One of Europe's best-preserved star-shaped artillery forts, this vast 17th-century fortification would be worth a visit for its spectacular views alone. — Lonely Planet

The British built Charles Fort on the east side of the Bandon River estuary in the late 17th century, after their defeat of the Spanish and Irish forces. — Fodor's

  • 55
  • 2
  • 6

Desmond Castle & International Museum of Wine

Cork 80 The TripExpert score is determined by calculating the general consensus of expert reviewers. Learn more →

Kinsale's roots in the wine trade are on display at this early 16th-century fortified house that was occupied by the Spanish in 1601. — Lonely Planet

This museum occupies a 15th-century fortified town house—originally a custom house—that has a dark history. It was used as a prison for French and American seamen in the 1700s, and was... — Fodor's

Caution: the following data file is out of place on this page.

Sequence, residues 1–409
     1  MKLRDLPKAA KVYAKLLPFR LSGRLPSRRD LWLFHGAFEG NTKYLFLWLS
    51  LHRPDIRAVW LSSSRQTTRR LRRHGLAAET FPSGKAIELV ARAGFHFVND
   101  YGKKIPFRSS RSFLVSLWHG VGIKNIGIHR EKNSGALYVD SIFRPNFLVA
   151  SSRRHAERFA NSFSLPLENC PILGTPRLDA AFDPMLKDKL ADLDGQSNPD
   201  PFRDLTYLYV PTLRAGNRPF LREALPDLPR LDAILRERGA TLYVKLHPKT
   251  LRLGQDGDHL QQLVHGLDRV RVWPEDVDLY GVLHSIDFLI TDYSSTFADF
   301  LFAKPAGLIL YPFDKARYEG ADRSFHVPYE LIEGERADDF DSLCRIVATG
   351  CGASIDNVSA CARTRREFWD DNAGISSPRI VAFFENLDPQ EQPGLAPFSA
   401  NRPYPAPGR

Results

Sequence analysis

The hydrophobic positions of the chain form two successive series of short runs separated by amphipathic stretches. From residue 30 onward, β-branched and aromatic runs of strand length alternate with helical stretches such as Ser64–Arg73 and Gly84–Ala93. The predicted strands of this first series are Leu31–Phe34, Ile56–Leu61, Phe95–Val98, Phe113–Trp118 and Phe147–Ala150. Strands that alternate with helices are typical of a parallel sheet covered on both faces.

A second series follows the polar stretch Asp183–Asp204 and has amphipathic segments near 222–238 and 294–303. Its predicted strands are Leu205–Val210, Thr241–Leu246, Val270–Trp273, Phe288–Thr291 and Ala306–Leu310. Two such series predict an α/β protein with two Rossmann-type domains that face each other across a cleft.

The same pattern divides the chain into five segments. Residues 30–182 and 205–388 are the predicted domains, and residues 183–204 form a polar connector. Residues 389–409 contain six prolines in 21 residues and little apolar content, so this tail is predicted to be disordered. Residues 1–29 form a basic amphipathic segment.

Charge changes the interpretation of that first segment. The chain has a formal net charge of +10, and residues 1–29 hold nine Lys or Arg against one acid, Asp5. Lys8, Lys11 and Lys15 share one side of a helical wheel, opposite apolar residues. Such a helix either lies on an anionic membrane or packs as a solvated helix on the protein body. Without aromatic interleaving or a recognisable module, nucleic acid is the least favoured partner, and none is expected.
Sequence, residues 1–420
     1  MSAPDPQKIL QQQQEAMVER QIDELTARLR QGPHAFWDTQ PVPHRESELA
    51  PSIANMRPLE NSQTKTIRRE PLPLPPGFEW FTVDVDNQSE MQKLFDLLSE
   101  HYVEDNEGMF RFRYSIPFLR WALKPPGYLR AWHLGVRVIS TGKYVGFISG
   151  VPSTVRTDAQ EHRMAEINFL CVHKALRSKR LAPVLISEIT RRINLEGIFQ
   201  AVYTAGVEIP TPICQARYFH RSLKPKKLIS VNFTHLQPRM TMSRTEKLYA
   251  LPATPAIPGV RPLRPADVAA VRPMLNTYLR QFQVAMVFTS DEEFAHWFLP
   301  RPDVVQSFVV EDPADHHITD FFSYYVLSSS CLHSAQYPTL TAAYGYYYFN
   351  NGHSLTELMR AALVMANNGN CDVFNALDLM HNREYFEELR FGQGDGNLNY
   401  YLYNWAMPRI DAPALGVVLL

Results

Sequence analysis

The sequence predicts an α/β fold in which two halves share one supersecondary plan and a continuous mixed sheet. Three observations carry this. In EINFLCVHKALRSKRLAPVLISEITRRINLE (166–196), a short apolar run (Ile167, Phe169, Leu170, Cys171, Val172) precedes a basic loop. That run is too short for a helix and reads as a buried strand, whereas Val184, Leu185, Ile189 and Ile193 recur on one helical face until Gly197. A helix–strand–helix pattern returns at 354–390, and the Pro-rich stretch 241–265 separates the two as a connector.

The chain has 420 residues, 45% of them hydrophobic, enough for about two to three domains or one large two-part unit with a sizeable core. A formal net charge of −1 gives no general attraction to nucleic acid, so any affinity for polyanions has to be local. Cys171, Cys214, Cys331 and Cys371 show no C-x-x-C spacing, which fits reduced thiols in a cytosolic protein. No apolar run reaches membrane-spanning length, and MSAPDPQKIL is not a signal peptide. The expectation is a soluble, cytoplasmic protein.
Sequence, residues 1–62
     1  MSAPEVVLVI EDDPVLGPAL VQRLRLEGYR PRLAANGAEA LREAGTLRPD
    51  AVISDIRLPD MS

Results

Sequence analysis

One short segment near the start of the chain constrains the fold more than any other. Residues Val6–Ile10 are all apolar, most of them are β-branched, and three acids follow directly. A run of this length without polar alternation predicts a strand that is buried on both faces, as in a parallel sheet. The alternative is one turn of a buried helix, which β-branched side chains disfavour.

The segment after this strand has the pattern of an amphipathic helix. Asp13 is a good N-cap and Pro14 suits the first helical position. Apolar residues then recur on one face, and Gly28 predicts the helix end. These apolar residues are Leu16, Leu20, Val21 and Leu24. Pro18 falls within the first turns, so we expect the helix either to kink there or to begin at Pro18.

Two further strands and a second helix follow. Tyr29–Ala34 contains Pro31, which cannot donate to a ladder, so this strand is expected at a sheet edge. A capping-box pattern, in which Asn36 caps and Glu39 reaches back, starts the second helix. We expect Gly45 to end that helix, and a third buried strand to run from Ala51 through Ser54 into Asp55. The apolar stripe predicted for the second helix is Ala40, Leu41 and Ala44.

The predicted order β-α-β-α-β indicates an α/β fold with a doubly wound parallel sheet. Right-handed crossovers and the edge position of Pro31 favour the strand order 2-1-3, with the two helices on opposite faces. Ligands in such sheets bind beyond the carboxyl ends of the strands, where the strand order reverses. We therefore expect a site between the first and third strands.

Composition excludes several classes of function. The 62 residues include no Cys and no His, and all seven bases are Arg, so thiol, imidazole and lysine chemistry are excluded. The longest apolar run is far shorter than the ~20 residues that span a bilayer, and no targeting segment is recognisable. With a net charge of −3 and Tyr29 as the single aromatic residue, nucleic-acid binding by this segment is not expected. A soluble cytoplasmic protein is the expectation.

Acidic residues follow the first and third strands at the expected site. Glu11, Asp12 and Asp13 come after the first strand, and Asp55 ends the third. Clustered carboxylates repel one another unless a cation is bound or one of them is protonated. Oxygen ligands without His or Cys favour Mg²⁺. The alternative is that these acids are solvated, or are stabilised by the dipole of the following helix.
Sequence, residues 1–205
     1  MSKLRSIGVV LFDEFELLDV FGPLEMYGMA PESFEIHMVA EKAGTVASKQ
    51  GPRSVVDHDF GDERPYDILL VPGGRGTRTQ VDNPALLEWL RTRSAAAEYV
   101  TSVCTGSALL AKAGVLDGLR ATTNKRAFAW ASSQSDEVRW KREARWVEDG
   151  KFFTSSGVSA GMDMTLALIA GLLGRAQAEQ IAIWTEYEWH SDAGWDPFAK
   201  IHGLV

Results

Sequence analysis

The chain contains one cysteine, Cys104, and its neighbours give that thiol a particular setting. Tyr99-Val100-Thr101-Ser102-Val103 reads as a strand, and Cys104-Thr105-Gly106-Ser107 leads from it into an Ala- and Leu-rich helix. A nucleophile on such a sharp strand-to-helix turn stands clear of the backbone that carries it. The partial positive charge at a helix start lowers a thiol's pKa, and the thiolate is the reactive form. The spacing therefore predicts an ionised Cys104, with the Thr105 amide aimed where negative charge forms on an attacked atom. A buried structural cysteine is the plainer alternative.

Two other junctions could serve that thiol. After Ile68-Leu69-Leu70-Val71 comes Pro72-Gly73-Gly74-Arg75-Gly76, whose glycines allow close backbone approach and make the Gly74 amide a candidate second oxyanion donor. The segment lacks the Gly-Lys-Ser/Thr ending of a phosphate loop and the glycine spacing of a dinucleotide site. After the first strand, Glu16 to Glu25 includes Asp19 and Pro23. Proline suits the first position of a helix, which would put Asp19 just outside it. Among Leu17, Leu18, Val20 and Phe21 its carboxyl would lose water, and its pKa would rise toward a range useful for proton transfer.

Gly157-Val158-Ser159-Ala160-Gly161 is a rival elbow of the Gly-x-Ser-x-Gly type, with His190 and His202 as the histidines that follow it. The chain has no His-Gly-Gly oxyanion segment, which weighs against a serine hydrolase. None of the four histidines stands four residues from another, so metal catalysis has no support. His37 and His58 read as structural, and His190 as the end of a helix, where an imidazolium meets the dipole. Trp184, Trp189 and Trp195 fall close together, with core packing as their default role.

• 2
  • 6

St. Anne's Church

Shandon 80 The TripExpert score is determined by calculating the general consensus of expert reviewers. Learn more →

The Anglican church of St Anne's Shandon is one of Cork's most iconic landmarks, thanks to its distinctive clock tower topped with a wind vane over 3m/9ft long in the shape of a salmon.... — Michelin Guide

Cork’s most recognizable landmark, also known as Shandon Church, is famous for its giant pepper pot steeple and eight melodious bells. — Frommer's

Your reward for climbing the 120-foot-tall tower is the chance to ring the bells out over Cork. — Fodor's

Shandon is dominated by the 1722 St Anne’s Church , aka the ‘Four-Faced Liar’. — Lonely Planet

  • 11
  • 1
  • 6
  • 2

Cobh Cathedral

Cork 79 The TripExpert score is determined by calculating the general consensus of expert reviewers. Learn more →